October 19, 2011

The Whole Truth

by Kit Pearson
HarperCollins Canada
978-1-55468-852-4
261 pp.
Ages 9+
2011

Hidden away is the truth.  But whose truth?  Which truth?  All ten-year-old Polly knows are the rules, as itemized by her fifteen-year-old sister, Maud, about what she should or shouldn't do regarding their father.  She's not to tell anyone what happened; she's not to think about Daddy or what happened; she's not to trust anyone but Maud; she needs to be brave; and she must be well-behaved with her new guardian, a grandmother they don't know, and other family.  That's a tall order for a young girl in 1932, displaced from her home in Winnipeg to Kingfisher Island off the B.C. coast, moving in with strangers, missing her dad terribly, and soon to lose her sister to a private school in Victoria.

Polly tries so hard to follow the rules.  Luckily her new family i.e., grandmother Noni, Great Aunt Jean and Great Uncle Rand, and their son Uncle Gregor, embraces them with much love, understanding, and a very comfortable lifestyle.  Still following the rules, Polly takes comfort in writing letters, which she hides, to her father.  But nothing ever stays the same, even the truth as she has been told it.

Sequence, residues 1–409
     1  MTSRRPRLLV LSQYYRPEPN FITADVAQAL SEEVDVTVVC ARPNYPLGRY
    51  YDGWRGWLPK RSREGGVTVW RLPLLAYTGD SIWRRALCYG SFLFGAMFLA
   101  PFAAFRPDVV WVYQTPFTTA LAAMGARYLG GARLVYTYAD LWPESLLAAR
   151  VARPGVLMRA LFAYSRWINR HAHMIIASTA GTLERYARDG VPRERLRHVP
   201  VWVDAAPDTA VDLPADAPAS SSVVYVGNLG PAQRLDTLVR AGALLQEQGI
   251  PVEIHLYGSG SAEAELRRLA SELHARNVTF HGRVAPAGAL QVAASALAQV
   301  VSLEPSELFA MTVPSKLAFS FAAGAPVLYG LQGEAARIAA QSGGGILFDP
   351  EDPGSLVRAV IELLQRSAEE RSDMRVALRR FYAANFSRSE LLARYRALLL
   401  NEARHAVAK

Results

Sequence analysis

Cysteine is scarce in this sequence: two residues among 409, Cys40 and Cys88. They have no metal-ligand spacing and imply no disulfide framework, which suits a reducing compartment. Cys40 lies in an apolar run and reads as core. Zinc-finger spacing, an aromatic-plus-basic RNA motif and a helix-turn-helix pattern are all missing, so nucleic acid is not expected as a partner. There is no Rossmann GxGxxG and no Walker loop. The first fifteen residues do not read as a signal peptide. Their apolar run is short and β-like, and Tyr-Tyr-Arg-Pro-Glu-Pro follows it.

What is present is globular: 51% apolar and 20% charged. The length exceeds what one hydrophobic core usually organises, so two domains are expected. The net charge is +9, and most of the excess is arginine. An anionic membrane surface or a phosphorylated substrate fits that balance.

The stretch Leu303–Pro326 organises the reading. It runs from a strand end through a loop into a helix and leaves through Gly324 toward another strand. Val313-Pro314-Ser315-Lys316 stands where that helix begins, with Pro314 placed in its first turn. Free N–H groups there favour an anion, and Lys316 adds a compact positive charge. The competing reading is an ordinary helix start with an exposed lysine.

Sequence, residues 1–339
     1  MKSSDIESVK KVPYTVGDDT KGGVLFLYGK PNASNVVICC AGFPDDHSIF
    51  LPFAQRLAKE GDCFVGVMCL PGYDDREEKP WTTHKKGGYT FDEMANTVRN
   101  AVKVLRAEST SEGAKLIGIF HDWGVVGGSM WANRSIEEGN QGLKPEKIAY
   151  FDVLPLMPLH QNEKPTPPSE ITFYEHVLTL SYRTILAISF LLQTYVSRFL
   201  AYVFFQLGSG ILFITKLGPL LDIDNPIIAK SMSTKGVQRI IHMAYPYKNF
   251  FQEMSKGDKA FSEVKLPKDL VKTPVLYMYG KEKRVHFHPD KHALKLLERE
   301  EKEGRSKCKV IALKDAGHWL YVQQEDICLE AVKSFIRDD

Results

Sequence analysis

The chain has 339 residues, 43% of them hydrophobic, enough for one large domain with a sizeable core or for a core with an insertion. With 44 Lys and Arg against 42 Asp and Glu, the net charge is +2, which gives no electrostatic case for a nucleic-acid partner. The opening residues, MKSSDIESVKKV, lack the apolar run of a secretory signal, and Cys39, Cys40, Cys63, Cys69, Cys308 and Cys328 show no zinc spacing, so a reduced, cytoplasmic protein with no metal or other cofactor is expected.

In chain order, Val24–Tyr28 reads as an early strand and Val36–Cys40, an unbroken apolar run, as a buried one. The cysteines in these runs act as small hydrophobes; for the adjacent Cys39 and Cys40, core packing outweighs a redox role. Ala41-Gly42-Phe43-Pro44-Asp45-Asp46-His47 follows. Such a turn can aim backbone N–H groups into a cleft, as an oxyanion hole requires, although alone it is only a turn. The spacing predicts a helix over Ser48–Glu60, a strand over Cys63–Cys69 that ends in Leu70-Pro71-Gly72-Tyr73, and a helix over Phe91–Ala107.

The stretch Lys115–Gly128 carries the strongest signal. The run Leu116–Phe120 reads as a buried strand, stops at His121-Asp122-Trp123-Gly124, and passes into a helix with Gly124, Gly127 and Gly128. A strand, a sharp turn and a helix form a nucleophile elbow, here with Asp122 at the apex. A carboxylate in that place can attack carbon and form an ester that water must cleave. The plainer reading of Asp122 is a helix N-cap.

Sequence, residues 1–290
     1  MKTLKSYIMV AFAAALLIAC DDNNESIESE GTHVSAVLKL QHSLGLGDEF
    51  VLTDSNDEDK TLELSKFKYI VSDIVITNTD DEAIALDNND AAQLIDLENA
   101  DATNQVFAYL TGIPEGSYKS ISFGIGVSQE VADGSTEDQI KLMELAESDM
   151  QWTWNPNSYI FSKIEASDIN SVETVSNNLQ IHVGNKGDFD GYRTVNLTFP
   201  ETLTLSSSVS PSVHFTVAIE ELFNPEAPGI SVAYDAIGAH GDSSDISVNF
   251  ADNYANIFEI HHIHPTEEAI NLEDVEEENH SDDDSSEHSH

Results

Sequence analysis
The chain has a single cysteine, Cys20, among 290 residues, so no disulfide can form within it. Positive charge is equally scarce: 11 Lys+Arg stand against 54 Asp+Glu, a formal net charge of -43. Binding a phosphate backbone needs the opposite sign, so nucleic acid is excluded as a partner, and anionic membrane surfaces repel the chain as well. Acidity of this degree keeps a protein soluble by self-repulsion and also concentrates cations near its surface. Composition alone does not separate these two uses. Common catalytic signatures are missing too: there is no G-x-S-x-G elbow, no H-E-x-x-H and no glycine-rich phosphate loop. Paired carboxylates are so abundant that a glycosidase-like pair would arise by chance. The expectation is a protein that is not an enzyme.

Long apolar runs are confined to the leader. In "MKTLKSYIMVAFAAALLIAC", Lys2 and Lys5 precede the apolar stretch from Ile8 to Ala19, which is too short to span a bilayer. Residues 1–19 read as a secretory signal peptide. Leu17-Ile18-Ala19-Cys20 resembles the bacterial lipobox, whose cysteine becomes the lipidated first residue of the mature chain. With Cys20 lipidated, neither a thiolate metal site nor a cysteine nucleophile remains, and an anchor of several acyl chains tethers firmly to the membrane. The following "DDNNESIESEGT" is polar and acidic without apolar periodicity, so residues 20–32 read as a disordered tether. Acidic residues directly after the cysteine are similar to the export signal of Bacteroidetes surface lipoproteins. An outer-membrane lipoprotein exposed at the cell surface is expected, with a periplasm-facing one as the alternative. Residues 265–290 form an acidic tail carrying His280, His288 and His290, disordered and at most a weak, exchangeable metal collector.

When bits of the truth about her father are revealed, and then Polly takes on another truth that she hides from almost everyone, she finally recognizes the subjectivity of truth and its nebulous nature.

Kit Pearson takes us into the 1930's when, still reeling from the stock market crash and the consequent depression, families were forced to make difficult decisions and separation was not unusual. But life on the fictional Gulf Island seems less trying, particularly for Polly's wealthy grandmother, perhaps reflective of the smaller community and relative isolation from cities with their higher populations and few jobs.  As such, Polly often feels conflicted regarding their meager existence in Winnipeg with their father compared to their rich life (both in experiences and financially) without him, another truth that may or may not be accepted.

Although Polly's revelation on the last page about the nature of truth seemed somewhat pat to this reader, I needed to remind myself that truth can be what we need it to be and, for a young girl dealing with family secrets and disappointments, Polly reconciled the truth about truth for herself alone.

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